2015 Toyota Higlander Hybrid LIMITED, aka "Perfectly Boring"Mike Wood Posted on 2017-02-10
We have all had a similar experience: occasionally perfect can be boring. Whether a relationship, a movie, or in this case a car, sometimes good, is well, just too good. The totally redesigned 2015 Toyota Highlander Hybrid LIMITED may just be exactly that; it executes perfectly. Case in point:
Full of technical goodies, including rear cameras, park assist, lane change warning system, forward sensing radar for the cruise control that automatically adapts speed according to traffic flow, to name only a few, this Toyota has all the luxury items you’d find in a Mercedes S-Class. Creature comforts abound: power adjustable, heated leather front seats that also offer a cooling feature that circulates cold air conditioned air through the perforated seat material to ensure you don’t stick to the leather in summer, plus touch screen navigation with Smartphone integration, a rocking JBL Surround Sound System, seating for 7, and limitless visibility for the driver. Further interior refinements on this particular Highlander include the optional Platinum package, which provides a panoramic sunroof, rear heated captains chairs, and a heated steering wheel. Add this to all the other features in this top-of-the-line model: 19-inch alloy wheels, LED running lights, flip-up rear hatch window in the adjustable-height power liftgate, a rear spoiler, keyless ignition and entry, ambient interior lighting, tri-zone automatic climate control, tilt-and-telescoping steering wheel, driver memory functions, a four-way power passenger seat, driver voice amplification for communicating with rear passengers ("Driver Easy Speak"), a second-row table between the captain's chairs and retractable second-row sunshades, and you quickly understand that this vehicle lacks nothing.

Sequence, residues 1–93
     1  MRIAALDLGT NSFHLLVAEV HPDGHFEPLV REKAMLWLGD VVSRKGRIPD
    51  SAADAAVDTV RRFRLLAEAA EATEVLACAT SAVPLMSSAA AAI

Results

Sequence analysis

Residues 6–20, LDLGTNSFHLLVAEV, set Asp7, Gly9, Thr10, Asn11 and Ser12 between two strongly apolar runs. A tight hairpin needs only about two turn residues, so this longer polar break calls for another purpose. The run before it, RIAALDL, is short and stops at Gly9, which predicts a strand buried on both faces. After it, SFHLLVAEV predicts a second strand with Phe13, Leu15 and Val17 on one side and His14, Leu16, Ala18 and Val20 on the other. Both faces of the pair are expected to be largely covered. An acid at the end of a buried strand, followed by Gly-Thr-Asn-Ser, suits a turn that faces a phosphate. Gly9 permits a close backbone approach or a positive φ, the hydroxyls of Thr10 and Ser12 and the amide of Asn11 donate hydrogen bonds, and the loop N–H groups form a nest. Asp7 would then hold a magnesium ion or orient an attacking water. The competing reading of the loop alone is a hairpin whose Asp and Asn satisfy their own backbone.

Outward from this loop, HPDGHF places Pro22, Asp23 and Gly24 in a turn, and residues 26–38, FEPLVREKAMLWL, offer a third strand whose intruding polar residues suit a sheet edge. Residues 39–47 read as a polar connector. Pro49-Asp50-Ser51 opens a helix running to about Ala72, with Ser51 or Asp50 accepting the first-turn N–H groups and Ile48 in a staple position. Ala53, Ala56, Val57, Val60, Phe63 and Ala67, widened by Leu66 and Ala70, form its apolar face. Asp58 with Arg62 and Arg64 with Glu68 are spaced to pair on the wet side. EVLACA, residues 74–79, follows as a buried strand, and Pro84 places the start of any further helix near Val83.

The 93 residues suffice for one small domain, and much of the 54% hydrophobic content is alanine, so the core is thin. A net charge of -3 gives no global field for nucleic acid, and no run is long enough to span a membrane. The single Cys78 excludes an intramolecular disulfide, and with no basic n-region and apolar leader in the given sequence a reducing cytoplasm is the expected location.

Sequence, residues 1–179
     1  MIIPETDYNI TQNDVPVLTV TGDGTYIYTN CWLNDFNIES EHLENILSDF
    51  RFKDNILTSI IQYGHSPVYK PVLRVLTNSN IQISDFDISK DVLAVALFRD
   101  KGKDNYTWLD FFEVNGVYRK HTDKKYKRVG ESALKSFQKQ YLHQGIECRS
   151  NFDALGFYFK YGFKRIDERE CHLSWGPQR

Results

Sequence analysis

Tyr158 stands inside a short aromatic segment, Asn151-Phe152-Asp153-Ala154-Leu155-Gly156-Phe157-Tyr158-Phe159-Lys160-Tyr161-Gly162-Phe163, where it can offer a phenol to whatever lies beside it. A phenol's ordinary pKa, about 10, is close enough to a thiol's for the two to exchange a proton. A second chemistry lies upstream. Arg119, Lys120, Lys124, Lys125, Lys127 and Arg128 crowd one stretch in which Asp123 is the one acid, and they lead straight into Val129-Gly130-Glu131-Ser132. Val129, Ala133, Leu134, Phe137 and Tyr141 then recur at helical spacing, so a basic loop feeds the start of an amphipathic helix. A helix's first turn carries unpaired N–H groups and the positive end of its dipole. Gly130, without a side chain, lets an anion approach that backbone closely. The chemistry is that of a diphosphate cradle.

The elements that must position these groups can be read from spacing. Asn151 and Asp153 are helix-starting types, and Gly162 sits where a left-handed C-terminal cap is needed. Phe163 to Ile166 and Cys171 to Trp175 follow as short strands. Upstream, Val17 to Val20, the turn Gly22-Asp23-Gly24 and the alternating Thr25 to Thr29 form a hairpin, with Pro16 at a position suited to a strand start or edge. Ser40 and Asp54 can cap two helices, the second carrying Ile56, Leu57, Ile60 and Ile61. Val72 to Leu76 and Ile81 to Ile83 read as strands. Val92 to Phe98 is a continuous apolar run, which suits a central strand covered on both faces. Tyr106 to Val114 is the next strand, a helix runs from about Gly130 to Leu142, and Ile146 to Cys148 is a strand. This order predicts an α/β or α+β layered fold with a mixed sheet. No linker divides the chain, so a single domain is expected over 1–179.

This particular Limited Highlander includes the Driver Technology package, which adds Toyota's Safety Connect telematics (stolen vehicle locater, roadside assistance, automatic collision notification), the aforementioned adaptive cruise control, a collision mitigation system with automatic braking, a lane departure warning system and automatic high-beam control headlights. Pretty slick. Oddly, however, the only luxury item missing appears be be power retractable side mirrors, those remain of the “manual do it yourself” variety.
Powered by an efficient 3.5L 6 cylinder gas/electric engine mated to a CVT transmission the Hybrid power-plant produces 280HP, and uses a miserly 8.4L per 100kms in either City or Highway driving. Yes, you read that correctly: City and Highway fuel economy values are the same. That’s due to the fact that in City driving, electric engines, in conjunction with the gas motor spur the forward to 100 kms/hr in just under 8 seconds, not bad for a 7 passenger family mover. Add to this, the Highlander is capable of towing a 3500 pound trailer, slightly less than it’s gas-only powered version, but still respectable, in light of its additional 350 pound weight.
Yet with all these creature comforts, technical wizardry, and hybrid running gear, the Toyota lacks something: driver involvement. Yet perhaps that is part of its magic: do busy drivers fraught with arguing brothers and sisters, spilled milk, “are we there yet?” queries, and soccer drop offs really want one more thing to deal with? Probably not. And, if that’s the case, well then this case of excellence is now closed.
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